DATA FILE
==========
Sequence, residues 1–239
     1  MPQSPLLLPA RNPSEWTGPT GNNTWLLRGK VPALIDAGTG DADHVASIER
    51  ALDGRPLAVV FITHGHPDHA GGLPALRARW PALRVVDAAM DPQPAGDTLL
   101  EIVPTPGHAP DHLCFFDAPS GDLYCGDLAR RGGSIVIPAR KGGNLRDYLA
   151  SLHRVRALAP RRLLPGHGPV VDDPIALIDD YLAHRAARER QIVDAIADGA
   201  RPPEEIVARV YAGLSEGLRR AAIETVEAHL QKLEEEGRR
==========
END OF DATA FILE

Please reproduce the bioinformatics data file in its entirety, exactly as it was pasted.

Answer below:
Sequence, residues 1–239
     1  MPQSPLLLPA RNPSEWTGPT GNNTWLLRGK VPALIDAGTG DADHVASIER
    51  ALDGRPLAVV FITHGHPDHA GGLPALRARW PALRVVDAAM DPQPAGDTLL
   101  EIVPTPGHAP DHLCFFDAPS GDLYCGDLAR RGGSIVIPAR KGGNLRDYLA
   151  SLHRVRALAP RRLLPGHGPV VDDPIALIDD YLAHRAARER QIVDAIADGA
   201  RPPEEIVARV YAGLSEGLRR AAIETVEAHL QKLEEEGRR